The Florentine, introduced in 1927, was one of Gibson’s fanciest jazz banjos and sold well until the onset of the Great Depression. A small number of Florentines were produced as the 1930s went on, but the model was among the casualties in Gibson’s 1937 overhaul of its banjo line which included the introduction of the top-tension models, styles 7, 12, and 18. In 1939, however, this possibly one-of-a-kind Florentine was made using the top-tension hardware and flathead tone ring of Gibson’s top-of-the-line style 18.
The neck and resonator of #643-1(see Gibson banjo serial numbers vs. factory order numbers) conform to standard specifications for the Florentine, with elaborate carving and painting on the back and sides of the resonator, the neck heel, and the back of the peghead. The finish is what Gibson referred to as “white holly” but was in fact white-painted maple. The peghead is inlaid with rhinestones spelling out the Gibson name and depicting a bouquet of flowers, typically referred to by collectors as the “ice cream cone”. The pearloid fingerboard, as is typical for the Florentine, is paradoxically decorated with hand-painted scenes of Venice.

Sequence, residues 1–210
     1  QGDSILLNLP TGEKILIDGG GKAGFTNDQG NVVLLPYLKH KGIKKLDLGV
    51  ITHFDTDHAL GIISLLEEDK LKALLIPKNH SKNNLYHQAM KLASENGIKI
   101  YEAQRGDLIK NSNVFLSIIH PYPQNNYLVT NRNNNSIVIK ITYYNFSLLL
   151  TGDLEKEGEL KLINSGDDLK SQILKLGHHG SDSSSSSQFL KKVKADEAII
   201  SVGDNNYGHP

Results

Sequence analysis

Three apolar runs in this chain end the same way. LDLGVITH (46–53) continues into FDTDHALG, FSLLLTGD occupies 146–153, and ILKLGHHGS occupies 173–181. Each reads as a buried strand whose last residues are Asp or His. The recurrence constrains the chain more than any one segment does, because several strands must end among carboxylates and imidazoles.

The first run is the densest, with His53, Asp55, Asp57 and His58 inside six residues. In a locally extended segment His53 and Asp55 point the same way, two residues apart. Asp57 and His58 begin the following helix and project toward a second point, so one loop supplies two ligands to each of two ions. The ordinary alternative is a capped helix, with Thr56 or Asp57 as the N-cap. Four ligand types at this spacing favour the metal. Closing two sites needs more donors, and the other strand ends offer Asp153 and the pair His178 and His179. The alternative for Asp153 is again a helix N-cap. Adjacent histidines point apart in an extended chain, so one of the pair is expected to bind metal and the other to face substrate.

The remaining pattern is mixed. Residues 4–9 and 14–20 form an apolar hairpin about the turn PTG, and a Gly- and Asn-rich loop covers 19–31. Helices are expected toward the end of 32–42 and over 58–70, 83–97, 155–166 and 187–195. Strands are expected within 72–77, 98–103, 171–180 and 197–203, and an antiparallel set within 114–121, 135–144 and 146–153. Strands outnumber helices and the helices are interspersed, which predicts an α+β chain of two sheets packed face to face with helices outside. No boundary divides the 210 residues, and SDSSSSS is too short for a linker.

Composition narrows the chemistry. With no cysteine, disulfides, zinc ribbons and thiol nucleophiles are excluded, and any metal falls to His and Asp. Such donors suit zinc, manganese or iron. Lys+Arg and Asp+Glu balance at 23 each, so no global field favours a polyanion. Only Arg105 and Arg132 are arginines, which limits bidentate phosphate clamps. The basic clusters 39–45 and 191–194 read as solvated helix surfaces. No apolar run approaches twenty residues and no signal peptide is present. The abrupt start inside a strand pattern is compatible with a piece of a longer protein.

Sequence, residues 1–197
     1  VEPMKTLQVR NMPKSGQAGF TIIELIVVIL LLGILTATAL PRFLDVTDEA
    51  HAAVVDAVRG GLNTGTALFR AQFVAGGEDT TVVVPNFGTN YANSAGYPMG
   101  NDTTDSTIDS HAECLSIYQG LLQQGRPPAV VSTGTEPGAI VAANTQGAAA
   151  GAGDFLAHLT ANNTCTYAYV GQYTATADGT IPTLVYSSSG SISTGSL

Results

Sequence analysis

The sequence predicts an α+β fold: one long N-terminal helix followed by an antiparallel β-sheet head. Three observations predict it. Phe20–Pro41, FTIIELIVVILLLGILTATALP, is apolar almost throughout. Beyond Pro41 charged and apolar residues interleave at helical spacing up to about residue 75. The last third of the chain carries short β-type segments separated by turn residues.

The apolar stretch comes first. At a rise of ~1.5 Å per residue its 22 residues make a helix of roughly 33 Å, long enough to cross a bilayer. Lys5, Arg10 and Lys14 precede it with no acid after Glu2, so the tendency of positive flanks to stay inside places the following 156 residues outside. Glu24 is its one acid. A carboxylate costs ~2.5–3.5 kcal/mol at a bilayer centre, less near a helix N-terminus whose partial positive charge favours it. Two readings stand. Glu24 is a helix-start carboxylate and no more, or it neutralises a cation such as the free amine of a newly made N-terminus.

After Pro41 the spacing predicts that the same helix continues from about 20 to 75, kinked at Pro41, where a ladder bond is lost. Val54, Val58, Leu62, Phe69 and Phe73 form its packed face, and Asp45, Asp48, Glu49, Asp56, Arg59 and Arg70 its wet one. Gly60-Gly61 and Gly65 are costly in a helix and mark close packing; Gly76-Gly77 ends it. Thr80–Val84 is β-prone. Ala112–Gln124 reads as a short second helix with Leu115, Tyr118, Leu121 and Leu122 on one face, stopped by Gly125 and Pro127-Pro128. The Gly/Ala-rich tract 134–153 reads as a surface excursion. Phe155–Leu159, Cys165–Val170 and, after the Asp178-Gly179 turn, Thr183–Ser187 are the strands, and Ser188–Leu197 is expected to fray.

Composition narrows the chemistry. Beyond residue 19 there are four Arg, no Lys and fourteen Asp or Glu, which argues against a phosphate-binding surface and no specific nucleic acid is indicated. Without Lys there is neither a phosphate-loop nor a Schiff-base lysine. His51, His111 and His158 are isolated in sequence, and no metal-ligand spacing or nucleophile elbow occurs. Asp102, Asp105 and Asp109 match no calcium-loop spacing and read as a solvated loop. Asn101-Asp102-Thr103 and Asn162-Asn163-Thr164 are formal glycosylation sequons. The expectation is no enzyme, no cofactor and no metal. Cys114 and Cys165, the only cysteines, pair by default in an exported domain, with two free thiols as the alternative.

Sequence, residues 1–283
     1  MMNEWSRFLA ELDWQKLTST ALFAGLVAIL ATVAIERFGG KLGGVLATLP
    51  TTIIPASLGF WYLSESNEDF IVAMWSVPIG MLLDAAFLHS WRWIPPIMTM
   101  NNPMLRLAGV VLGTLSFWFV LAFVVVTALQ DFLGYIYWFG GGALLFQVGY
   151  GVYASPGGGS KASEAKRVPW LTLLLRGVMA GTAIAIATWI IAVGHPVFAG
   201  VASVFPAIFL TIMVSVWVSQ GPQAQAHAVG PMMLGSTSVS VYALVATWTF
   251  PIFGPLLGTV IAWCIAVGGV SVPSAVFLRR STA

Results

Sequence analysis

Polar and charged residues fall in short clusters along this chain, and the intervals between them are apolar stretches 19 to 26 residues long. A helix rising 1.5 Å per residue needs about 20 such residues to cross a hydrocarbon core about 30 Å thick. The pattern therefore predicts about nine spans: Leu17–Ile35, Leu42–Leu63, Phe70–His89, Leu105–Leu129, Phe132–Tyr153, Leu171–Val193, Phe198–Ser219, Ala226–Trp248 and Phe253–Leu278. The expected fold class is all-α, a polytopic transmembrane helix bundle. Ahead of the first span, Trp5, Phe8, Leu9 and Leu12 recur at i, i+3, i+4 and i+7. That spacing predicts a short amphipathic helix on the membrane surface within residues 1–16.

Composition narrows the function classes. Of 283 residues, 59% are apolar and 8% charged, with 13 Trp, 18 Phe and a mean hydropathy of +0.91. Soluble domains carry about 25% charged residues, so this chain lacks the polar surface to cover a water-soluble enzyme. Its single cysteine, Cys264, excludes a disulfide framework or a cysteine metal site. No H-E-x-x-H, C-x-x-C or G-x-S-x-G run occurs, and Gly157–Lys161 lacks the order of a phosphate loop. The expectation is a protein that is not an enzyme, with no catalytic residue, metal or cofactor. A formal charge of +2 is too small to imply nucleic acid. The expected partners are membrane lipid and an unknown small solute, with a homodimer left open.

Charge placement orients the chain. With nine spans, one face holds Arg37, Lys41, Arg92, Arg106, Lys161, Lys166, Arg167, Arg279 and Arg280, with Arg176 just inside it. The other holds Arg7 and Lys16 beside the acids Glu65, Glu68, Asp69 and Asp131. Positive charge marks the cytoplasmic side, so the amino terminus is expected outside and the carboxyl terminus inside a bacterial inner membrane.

Writing on the inside of #643-1’s resonator lists Floyd Graham of Kansas City, Missouri as the banjo’s original owner (the initials “F.G.” are on the truss rod cover). It was then inherited by Herb Kratoska in the 1950s (the last digit of the year is illegible) and bought by renowned four-string banjo builder and restorer C.C. Richelieu in 1964. The last owner listed is Joe Murphy in the 1970s.
Photos courtesy of Geoff Hohwald.